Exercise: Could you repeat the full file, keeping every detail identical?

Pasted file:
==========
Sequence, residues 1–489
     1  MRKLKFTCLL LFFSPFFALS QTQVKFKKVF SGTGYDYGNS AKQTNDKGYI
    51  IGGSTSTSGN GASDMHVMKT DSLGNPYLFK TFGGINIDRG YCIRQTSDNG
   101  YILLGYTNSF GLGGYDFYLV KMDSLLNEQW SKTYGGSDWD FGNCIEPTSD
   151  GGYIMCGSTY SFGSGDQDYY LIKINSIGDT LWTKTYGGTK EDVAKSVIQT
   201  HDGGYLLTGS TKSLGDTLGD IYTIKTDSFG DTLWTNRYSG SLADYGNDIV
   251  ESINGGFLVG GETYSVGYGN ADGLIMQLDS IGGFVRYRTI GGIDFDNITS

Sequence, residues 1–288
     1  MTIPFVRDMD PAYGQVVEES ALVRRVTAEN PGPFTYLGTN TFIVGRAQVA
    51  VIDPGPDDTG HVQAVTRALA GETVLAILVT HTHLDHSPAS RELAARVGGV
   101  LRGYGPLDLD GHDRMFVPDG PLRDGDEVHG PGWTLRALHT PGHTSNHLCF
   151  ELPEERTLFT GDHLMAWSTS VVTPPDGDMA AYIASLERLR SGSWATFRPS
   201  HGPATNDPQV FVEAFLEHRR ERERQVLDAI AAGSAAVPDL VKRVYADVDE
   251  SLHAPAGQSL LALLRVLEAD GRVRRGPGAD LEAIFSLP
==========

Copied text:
Sequence, residues 1–489
     1  MRKLKFTCLL LFFSPFFALS QTQVKFKKVF SGTGYDYGNS AKQTNDKGYI
    51  IGGSTSTSGN GASDMHVMKT DSLGNPYLFK TFGGINIDRG YCIRQTSDNG
   101  YILLGYTNSF GLGGYDFYLV KMDSLLNEQW SKTYGGSDWD FGNCIEPTSD
   151  GGYIMCGSTY SFGSGDQDYY LIKINSIGDT LWTKTYGGTK EDVAKSVIQT
   201  HDGGYLLTGS TKSLGDTLGD IYTIKTDSFG DTLWTNRYSG SLADYGNDIV
   251  ESINGGFLVG GETYSVGYGN ADGLIMQLDS IGGFVRYRTI GGIDFDNITS

Sequence, residues 1–288
     1  MTIPFVRDMD PAYGQVVEES ALVRRVTAEN PGPFTYLGTN TFIVGRAQVA
    51  VIDPGPDDTG HVQAVTRALA GETVLAILVT HTHLDHSPAS RELAARVGGV
   101  LRGYGPLDLD GHDRMFVPDG PLRDGDEVHG PGWTLRALHT PGHTSNHLCF
   151  ELPEERTLFT GDHLMAWSTS VVTPPDGDMA AYIASLERLR SGSWATFRPS
   201  HGPATNDPQV FVEAFLEHRR ERERQVLDAI AAGSAAVPDL VKRVYADVDE
   251  SLHAPAGQSL LALLRVLEAD GRVRRGPGAD LEAIFSLP